People frequently engage in the act of comparing themselves to others. It serves as a form of self-validation, allowing us to evaluate our self-worth and achievements in relation to those around us. Some individuals prefer to compare themselves exclusively to their peers, individuals they perceive to have similar qualities or accomplishments.
On the other hand, some people choose to compare themselves to those who are vastly different from them in various aspects. To a certain extent, this practice of self-comparison offers its own advantages.
By observing others and assessing our own position relative to theirs, we gain insight that can drive personal growth. Without this perspective, there is a risk of stagnation, of becoming trapped in the status quo. Particularly when we look up to individuals whom we consider “better” than ourselves in objective terms, we set higher standards and find motivation to become an improved version of who we are.
However, constantly comparing ourselves to others can also have a detrimental effect, leading to feelings of inferiority and worthlessness. Ultimately, it is impossible to replicate the exact experiences and accomplishments of others.
Recently, while tuning in to a radio program that delves into psychological matters with its listeners, I came across a man who shared his perpetual sense of worthlessness arising from his incessant comparisons of his life and career achievements with those of others. Consequently, he found himself trapped in a state of depression.
Seeking advice from a psychologist, he inquired about strategies to overcome this downward spiral. The psychologist explained that comparing oneself to others is a natural inclination shared by all humans, but excessive indulgence in this behavior can lead to depression.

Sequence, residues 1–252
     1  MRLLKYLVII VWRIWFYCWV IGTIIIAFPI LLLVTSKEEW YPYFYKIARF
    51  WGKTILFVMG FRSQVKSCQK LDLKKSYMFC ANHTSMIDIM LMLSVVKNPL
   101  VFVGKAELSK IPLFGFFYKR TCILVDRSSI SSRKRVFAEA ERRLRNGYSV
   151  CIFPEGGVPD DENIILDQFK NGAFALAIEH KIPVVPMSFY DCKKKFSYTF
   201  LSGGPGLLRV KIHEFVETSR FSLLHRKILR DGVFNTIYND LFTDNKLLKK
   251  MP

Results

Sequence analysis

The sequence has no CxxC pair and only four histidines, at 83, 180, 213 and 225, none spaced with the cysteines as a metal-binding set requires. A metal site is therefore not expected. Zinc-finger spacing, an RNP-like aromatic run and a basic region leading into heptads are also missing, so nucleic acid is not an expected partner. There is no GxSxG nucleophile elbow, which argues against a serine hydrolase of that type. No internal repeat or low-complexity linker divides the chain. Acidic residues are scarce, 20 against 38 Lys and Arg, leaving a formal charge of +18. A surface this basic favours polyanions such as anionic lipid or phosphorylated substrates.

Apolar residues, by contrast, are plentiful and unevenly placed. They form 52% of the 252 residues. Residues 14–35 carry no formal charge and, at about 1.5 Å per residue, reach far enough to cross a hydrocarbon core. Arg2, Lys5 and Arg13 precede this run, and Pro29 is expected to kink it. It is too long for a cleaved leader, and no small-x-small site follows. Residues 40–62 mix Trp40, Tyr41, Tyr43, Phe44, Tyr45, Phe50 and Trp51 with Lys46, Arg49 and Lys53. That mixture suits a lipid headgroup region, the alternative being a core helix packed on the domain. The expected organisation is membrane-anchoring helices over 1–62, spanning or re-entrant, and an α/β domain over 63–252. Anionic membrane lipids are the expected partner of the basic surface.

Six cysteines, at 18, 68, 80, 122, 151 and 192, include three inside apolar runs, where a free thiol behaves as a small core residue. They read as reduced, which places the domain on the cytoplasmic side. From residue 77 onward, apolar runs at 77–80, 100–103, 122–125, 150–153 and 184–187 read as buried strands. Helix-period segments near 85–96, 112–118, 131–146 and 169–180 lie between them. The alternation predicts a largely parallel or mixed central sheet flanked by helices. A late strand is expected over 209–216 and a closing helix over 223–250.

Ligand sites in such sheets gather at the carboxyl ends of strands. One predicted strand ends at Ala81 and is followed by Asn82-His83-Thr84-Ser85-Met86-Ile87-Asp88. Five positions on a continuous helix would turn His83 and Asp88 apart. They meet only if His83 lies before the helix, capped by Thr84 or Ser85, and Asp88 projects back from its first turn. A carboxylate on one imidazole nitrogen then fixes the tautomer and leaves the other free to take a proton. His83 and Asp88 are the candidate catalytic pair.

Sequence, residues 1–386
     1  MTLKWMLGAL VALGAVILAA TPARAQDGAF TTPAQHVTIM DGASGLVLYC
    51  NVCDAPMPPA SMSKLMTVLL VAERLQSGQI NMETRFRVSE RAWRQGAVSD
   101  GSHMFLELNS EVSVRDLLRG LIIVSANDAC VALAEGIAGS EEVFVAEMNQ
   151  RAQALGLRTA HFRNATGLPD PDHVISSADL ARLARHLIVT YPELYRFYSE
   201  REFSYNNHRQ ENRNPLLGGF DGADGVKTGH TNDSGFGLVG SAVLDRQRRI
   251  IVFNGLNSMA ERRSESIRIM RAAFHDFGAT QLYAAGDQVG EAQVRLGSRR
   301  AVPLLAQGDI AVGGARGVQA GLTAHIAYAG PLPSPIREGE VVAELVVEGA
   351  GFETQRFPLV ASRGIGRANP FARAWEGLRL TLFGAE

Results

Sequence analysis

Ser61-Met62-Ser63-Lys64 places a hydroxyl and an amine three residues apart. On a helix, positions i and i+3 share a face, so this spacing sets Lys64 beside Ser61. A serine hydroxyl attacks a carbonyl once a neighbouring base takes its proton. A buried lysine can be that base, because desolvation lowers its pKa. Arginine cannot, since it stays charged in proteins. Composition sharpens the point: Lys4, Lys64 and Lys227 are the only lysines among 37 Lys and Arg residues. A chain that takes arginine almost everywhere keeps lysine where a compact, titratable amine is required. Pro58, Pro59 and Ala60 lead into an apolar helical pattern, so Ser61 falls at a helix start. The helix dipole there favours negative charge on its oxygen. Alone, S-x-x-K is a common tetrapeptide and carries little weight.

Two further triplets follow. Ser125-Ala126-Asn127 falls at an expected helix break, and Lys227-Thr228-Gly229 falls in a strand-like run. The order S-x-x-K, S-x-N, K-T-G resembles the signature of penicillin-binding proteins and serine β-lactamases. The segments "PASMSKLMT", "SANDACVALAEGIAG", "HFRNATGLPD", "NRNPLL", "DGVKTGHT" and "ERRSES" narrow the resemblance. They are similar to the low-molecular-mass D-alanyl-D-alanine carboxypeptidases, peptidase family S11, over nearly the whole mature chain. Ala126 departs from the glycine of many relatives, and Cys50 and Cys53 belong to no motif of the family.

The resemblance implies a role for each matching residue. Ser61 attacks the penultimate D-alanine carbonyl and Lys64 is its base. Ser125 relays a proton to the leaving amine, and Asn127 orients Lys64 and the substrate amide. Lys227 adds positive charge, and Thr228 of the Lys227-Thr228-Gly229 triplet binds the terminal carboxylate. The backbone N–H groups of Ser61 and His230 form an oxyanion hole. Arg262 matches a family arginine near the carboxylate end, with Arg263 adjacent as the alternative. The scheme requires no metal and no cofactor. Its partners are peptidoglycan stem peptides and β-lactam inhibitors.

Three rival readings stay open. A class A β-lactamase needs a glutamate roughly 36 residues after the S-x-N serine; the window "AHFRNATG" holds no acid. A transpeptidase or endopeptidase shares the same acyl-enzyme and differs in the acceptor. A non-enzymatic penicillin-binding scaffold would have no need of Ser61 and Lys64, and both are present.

One particular remark made during the show caught my attention, highlighting the Ethiopian education system’s practice of ranking students based on their grades within a particular schooling period. This discussion resonated with a belief I have long held: the need to steer clear of such a comparative system in schools.
I have always maintained that it is unfair to constantly measure students against their peers and determine their worth solely in relation to others. There are several aspects of this grading system that I find problematic.
First and foremost, this system assumes that all students are identical simply because they receive the same education as their classmates. However, it disregards the fact that individuals possess unique abilities and learning capacities. Although they may attend the same class and have the same teacher, their aptitude for absorbing school lessons varies. Some are naturally quick learners, while others require more time and effort to grasp the material. Therefore, treating them as equals based solely on their shared educational environment is flawed.
Secondly, this ranking system fosters a negative sense of competition among students. In other words, it cultivates an environment where one student wishes ill upon others, desiring their peers to score lower grades so that they can secure a higher rank in the class. This unhealthy dynamic leads students to harbor negative intentions towards others. Consequently, the focus shifts from collaborative learning and personal growth to an unhealthy desire for superiority over classmates.
Lastly, students should have the opportunity to compare their progress with their own past achievements. Only through such self-reflection can they truly appreciate their personal growth and feel motivated to achieve even greater success in the future. By shifting the emphasis away from external comparisons to internal benchmarks, students can develop a sense of individual progress and strive towards their own potential.
As we embark on the journey to revitalize our failing education system, I fervently hope that the current practice of ranking students in classrooms is abolished. This change would enable students to focus on their own unique abilities rather than fixating on others, allowing them to make meaningful and attainable advancements in their academic pursuits.